I was just discussing the role of humates in mushroom cultivation with a friend. This isn’t the first time it has been proposed, especially for saprophytes. It turns out, fulvic acid, is also beneficial with wood inhabiting mushrooms consuming lignin and cellulose. There is huge potential using humates to enhance mushroom cultivation.
It was being discussed in another forum that humic acid be used to assist in cultivation of mushrooms. This isn’t ideal for a couple reasons. The long chain humates take time to break down, which is most often longer than a cultivation cycle. Secondly, while carbon content in humic acid may be beneficial, it also allows other microbes like trichoderma to outcompete the mycelium we are hoping to isolate and fruit.
Fulvic acid, found in products like AGT-50 Fulvic Mineral Complex would be a better choice for compost/dung/wood loving mushrooms for several reasons. The amino and organic acids give mycelium vigor and resistance to being out-competed by harmful microbes. The boost in organic matter leads to higher yields. While mushrooms that consume ligning and cellulose require less organic matter, fulvic acid, in particular acts like an electrolyte for better growth and yield. It is also suitable for pasteurization or sterilization temperatures without losing efficacy.
We propose using 2.5ml AGT-50 per 4L in petri dishes and 5ml per 4L of grain or bulk spawn before pasteurization/sterilization. With the wider acceptance of psychedelic mushrooms as therapy, AgTonik is going to be pursuing the mushroom cultivation market segment to enhance growth and yields.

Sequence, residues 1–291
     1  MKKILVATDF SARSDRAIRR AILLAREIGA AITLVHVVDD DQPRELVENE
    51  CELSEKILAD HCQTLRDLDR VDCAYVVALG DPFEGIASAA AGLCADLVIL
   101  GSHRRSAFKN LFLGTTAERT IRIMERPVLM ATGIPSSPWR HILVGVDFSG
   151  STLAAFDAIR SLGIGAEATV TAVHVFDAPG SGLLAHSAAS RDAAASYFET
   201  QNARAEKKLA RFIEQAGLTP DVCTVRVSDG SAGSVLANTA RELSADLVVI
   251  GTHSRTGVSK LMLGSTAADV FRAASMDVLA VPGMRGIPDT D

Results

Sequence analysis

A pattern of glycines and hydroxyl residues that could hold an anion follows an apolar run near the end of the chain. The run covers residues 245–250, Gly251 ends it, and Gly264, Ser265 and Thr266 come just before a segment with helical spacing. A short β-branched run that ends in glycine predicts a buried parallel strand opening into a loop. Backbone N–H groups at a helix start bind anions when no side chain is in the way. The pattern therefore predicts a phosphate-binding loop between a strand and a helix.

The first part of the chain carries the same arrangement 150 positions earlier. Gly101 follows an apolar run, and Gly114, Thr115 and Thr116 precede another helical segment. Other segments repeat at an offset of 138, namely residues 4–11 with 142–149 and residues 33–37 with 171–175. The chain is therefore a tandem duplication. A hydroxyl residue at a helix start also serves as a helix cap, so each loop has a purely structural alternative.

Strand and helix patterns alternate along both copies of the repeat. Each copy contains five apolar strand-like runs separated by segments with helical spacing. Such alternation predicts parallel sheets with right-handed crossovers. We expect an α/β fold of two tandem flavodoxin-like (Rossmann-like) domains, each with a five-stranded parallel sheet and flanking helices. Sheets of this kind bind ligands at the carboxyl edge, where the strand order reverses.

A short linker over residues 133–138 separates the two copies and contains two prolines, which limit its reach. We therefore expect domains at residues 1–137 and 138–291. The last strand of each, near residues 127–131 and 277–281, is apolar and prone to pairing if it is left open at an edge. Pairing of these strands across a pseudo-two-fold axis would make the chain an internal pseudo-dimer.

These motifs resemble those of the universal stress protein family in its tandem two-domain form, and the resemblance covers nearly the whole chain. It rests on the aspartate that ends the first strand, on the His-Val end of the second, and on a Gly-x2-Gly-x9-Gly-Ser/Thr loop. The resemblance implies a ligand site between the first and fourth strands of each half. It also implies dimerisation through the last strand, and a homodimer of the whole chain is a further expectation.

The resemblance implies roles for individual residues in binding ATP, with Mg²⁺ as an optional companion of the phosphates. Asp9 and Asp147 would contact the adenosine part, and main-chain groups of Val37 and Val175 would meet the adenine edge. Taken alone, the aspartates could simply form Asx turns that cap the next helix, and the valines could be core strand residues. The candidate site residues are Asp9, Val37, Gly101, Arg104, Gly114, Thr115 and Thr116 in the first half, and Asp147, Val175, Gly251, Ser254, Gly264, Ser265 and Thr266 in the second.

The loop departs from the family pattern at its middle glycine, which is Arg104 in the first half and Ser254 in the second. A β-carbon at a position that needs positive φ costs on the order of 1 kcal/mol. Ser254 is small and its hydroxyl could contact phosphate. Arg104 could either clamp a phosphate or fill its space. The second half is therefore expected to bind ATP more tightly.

Awesome. My cousin is a mushroom farmer, so I just sent him the link to this page.
He just text me:
Did your cousin notice any change in his yield or colonization rates? @FicklePickle
It’s been a minute since we’ve talked, I’ll get back to you
It makes sense that mushrooms could utilize humic substances being that mushrooms typically survive on fallen organic matter.
Hymic substances are usually contained in decomposing organic matter to some extent. When a mushroom colonizes the forest floor it definitely has access to humic substances, and humic substances are practically ubiquitous in nature. Stands to reason that any and all mushroom species have some kind of use for humic or fulvic acids.